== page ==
What is my child support paying for?

To many people who are making regular child support payments, it feels as though they are giving up far too much of their paycheck to supporting a child that they rarely get to see. Without a constant relationship with a child, it may be difficult to tell just what kind of effect, if any, child support payments are having. You may even question what your money is being spent on, and why you are spending so much.

While there will always be exceptions and outliers, the vast majority of child support payments are not simply gobbled up by the custodial parent in order to pay for frivolities. Some people fear this possibility, and it adds to the resentment that the phrase "child support" invokes. In reality, child support is used to assist the custodial parent with things that are necessary for the child's well-being and upbringing.

Ultimately the courts decide what is best for the child, and this is largely what determines how much child support a person pays. Some of the things that child support is supposed to help pay for are:

  • Necessities such as food, clothing, shelter and more. This can include jackets for winter weather in colder climates, as well as utility bills or cable bills and more.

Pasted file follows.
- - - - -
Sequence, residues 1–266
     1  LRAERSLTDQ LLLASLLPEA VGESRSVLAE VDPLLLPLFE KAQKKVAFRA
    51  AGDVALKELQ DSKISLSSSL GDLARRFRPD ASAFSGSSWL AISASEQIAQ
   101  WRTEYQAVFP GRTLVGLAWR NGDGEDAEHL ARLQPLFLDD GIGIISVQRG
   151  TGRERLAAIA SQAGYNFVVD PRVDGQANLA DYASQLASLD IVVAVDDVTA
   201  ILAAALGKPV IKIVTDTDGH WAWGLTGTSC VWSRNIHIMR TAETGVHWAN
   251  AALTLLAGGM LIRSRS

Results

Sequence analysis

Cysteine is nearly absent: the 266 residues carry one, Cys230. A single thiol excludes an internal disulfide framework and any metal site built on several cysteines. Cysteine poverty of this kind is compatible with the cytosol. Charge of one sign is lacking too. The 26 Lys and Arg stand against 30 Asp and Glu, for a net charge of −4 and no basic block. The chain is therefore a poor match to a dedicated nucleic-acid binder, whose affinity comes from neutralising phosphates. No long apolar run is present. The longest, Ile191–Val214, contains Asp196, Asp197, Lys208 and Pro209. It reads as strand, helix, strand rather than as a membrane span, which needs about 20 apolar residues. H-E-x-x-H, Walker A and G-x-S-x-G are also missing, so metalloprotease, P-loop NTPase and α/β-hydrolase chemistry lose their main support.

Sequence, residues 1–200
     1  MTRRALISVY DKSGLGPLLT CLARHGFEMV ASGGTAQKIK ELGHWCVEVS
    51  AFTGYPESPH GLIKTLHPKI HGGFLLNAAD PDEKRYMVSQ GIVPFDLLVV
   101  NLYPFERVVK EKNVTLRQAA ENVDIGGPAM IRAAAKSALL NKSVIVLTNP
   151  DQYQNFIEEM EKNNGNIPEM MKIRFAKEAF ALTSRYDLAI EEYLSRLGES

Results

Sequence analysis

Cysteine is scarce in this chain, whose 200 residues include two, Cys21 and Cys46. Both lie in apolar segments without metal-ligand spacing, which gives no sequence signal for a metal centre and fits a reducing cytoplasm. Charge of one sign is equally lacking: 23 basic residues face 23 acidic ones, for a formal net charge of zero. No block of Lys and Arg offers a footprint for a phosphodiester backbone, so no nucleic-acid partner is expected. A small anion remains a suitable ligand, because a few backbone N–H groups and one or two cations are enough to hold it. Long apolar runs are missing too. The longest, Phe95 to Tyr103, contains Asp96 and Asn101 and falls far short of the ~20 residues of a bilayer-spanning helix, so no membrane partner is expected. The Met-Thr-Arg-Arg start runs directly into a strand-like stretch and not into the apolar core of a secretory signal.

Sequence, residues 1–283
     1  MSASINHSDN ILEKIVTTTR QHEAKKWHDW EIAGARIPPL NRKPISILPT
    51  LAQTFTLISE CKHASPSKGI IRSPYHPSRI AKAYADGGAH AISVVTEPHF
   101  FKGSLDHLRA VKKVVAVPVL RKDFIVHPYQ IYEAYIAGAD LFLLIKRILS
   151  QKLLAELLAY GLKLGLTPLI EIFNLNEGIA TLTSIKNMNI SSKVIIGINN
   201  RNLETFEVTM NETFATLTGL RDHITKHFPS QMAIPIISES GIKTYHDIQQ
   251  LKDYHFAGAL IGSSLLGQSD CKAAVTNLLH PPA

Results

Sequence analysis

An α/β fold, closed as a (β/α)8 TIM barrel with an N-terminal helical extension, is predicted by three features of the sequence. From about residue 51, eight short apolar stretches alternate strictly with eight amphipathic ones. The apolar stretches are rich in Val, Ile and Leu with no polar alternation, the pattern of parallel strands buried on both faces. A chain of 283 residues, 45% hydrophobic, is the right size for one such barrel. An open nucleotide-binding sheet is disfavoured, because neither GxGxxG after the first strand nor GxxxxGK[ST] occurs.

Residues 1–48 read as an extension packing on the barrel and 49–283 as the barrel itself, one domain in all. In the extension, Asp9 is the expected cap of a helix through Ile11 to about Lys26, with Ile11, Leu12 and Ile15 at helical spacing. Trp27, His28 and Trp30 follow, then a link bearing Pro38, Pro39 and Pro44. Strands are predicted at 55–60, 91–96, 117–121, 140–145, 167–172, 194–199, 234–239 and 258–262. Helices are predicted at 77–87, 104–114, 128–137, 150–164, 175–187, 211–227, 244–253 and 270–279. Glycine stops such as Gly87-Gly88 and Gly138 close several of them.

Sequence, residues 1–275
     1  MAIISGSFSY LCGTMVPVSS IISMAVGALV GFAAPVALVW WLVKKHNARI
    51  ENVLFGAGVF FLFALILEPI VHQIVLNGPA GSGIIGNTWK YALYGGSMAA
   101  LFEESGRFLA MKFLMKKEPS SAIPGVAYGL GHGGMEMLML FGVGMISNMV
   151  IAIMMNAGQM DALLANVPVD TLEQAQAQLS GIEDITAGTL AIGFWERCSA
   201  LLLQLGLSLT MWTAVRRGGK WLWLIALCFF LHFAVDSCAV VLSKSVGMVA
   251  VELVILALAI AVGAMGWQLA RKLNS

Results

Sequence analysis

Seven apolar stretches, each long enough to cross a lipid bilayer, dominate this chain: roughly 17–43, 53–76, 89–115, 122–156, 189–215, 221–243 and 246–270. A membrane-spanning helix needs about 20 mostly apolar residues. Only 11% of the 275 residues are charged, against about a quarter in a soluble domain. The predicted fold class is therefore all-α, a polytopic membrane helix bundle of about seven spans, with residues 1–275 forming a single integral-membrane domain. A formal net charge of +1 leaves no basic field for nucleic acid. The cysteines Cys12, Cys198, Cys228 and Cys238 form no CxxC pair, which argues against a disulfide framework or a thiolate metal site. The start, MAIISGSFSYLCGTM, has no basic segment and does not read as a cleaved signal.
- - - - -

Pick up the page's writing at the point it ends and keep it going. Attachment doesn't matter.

• Medical care to ensure that the child is able to have regular health checkups and receive any kind of assistance he or she needs to fix health issues.
  • Educational fees, which includes necessities such as school supplies and tuition if the child attends a private school or needs a uniform.
  • Child care services such as day care or babysitters if one or both parents are unable to care for the child due to work or other such obligations.

There are many more areas that child support may cover, such as entertainment and even college expenses, which is why child support can often seem like so much money. Raising a child is not cheap, and when you calculate all of the expenses that go into child care and upbringing, you may gain a better understanding of how child support is calculated. If you would like to learn more about where your child support is going, or if you believe that a Florida court ordered too much in child support, consider meeting with a family law attorney.

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